Prague, 26 February 2004 (RFE/RL) -- After meeting this week with Uzbek President Islam Karimov -- in a trip that also includes stopovers in Iraq, Kuwait, Kazakhstan, and Afghanistan -- visiting U.S. Defense Secretary Donald Rumsfeld told reporters that U.S. defense relations with Uzbekistan were strong and "growing stronger every month."
"In the past, the Uzbek authorities have made certain concessions ahead -- for example -- of a State Department certification.... But it's stopped after that. So it's always been short-term improvement."
Then, asked whether Uzbekistan's controversial record on human rights will weigh heavily on future ties, Rumsfeld replied that the U.S. relationship with the Central Asian nation involves economic, political, and security issues as well as human rights.
Maisy Weicherding is a researcher on Central Asia and the South Caucasus for Amnesty International in London. She welcomes the fact that Rumsfeld publicly mentioned the human rights issue.
"[This] is something that [Rumsfeld] hasn't done, for example, in Azerbaijan, when he went there just after the elections,” she notes. “So I think that already sends a signal that human rights are definitely on the agenda with Uzbekistan."
Rumsfeld visited Baku in December, six weeks after a controversial presidential election that raised accusations of vote-rigging and resulted in a harsh crackdown on the political opposition.
The U.S. defense secretary openly congratulated Ilham Aliev on his election victory, and refused to answer questions about whether the presidential elections had met international standards.
Rachel Denber is the acting director of the Europe and Central Asia division of the New York-based organization Human Rights Watch. She says Rumsfeld's stance in Azerbaijan undermined efforts by the U.S. State Department to promote democracy and human rights in that country.
For that reason, Denber says she welcomes Rumsfeld's move to include human rights among the issues affecting U.S.-Uzbek ties. Still, she says, his statement could have been stronger.
"Certainly, we would like to have seen Rumsfeld spin out what the human rights issues actually are and give some indication to the Uzbek government that the U.S. will be watching the Uzbek government very closely. However, we can only hope that the message was sent to the Uzbek government that the Pentagon will be taking into consideration Uzbekistan's human rights record," Denber said.
Rumsfeld's visit to Uzbekistan coincided with the release of Fatima Mukhadirova, an Uzbek woman who had been sentenced to six years in prison for possession of banned Muslim pamphlets. Human rights activists said the government was trying to silence her after she had accused prison officials of torturing her son to death.
Rumsfeld noted that the U.S. ambassador had said Washington was "pleased" with the court ruling in Mukhadirova's favor.
But rights activists in Uzbekistan say Mukhadirova's release is only meant to distract outside observers from continuing repressions. Seven young men were reportedly jailed this week on charges of religious extremism.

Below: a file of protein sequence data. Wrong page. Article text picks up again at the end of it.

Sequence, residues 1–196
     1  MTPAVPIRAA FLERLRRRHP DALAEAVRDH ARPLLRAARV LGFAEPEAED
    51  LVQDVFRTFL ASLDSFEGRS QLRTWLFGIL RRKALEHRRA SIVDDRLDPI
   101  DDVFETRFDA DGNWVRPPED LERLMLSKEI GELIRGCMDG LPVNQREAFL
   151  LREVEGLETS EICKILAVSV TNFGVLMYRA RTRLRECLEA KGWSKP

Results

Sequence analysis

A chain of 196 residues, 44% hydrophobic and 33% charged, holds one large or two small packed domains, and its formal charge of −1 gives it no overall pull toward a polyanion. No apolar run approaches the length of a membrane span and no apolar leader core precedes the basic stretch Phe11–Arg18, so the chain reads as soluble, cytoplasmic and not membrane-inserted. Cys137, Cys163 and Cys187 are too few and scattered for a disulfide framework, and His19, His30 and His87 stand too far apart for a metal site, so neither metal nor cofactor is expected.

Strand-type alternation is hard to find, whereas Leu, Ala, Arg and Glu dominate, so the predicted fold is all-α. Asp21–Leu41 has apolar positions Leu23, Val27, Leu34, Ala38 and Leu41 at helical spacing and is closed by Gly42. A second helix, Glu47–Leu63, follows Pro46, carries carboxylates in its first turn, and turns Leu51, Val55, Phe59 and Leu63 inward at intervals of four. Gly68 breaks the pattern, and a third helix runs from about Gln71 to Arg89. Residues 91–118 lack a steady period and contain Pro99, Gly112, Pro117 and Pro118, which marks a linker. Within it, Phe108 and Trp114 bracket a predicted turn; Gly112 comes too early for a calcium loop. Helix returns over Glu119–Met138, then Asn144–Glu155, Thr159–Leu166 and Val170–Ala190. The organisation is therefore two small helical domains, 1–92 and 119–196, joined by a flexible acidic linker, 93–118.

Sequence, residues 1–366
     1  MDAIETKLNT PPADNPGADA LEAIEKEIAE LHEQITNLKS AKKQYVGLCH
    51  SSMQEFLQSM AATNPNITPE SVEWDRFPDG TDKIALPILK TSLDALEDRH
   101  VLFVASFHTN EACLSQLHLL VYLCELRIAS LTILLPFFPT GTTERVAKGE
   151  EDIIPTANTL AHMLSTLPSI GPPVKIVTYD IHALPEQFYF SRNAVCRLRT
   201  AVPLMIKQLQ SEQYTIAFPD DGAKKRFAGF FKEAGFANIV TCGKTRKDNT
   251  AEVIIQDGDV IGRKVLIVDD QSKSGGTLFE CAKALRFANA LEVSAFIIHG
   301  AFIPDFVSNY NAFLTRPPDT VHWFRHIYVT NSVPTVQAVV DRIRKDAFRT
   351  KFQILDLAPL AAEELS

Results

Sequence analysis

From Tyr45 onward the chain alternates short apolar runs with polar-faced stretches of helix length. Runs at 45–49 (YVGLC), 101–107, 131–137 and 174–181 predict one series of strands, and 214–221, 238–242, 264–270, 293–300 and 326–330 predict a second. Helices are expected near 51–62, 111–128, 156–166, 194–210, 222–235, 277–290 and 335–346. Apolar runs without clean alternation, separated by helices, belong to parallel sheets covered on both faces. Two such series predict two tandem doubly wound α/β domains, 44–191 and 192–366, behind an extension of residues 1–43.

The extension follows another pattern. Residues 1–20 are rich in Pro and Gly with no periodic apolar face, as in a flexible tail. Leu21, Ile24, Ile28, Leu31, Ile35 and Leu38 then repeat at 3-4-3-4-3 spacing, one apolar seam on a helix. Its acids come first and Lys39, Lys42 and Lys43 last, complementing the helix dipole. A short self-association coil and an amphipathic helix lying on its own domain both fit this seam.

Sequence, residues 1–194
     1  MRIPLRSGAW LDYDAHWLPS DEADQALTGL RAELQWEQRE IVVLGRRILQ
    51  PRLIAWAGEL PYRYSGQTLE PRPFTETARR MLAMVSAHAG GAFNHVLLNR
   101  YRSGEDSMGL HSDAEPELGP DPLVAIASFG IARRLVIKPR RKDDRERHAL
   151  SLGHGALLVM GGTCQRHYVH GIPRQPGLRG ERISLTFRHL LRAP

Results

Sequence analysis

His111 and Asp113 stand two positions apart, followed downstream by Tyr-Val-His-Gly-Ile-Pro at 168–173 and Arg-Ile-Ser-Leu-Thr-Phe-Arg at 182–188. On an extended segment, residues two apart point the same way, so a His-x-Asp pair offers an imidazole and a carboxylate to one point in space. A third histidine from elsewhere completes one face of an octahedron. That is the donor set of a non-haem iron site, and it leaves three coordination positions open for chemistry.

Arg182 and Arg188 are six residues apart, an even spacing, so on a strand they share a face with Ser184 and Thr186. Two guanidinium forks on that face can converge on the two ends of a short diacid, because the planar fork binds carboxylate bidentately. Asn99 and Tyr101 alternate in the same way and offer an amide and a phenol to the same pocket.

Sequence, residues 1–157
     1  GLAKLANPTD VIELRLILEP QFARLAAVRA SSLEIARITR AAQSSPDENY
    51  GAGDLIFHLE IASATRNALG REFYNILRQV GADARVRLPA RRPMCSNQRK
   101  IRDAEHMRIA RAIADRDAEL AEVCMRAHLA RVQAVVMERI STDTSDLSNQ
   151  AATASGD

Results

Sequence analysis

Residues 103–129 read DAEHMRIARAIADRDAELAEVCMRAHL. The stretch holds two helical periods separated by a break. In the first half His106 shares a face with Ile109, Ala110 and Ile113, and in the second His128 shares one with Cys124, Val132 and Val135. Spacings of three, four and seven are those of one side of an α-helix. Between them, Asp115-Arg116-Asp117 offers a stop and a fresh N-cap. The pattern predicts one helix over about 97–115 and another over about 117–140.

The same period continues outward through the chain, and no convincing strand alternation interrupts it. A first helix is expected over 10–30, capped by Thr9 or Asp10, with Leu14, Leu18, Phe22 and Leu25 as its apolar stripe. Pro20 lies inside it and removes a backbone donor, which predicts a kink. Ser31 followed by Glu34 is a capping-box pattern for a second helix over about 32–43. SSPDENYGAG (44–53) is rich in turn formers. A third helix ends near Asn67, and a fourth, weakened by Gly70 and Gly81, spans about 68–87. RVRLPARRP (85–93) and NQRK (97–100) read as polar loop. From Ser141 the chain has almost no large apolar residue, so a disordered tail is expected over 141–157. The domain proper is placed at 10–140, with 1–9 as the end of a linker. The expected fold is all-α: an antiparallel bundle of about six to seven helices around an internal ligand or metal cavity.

Weicherding notes that the U.S. must insist that Mukhadirova's release is not a short-term concession by the Uzbek authorities in order to receive the State Department certifications they need in order to receive aid.
"In the past, the Uzbek authorities have made certain concessions ahead -- for example -- of a State Department certification or, a few years ago, ahead of the State Department report on religious practice. But it's stopped after that. So it's always been short-term improvement," Weicherding said.
The U.S. State Department in January decertified Uzbekistan for aid under a U.S. nonproliferation assistance program because Tashkent had made no progress toward ending police torture and other abuses. Uzbekistan will still receive the designated U.S. funds under a special waiver.
This spring, however, the U.S. administration will have to decide whether to certify Uzbekistan for broader assistance programs. These programs have no waivers, meaning all direct assistance will be suspended if Uzbekistan is decertified.
In the past 12 months, the Uzbek government has released four imprisoned human rights defenders.
But it has also made several high-profile arrests.
Muidinjon Kurbanov, a leader of the independent Human Rights Society of Uzbekistan and the opposition political party Birlik (Unity), was arrested this month. He is facing weapons and narcotics charges. Human Rights Watch says the charges appear to be politically motivated.
Ruslan Sharipov, another independent human rights activist, is serving a four-year prison sentence on charges of consensual homosexual conduct and sex with a minor. According to Human Rights Watch, the trial did not meet even the minimal standards of judicial procedure and came amid credible allegations Sharipov had been tortured.
The U.S. State Department yesterday released its annual human rights report, in which it accuses the Uzbek government of continuing to commit numerous rights abuses, such as mistreating suspects and torturing and beating detainees.
U.S. Secretary of State Colin Powell said the report is a vital instrument in guiding foreign policy.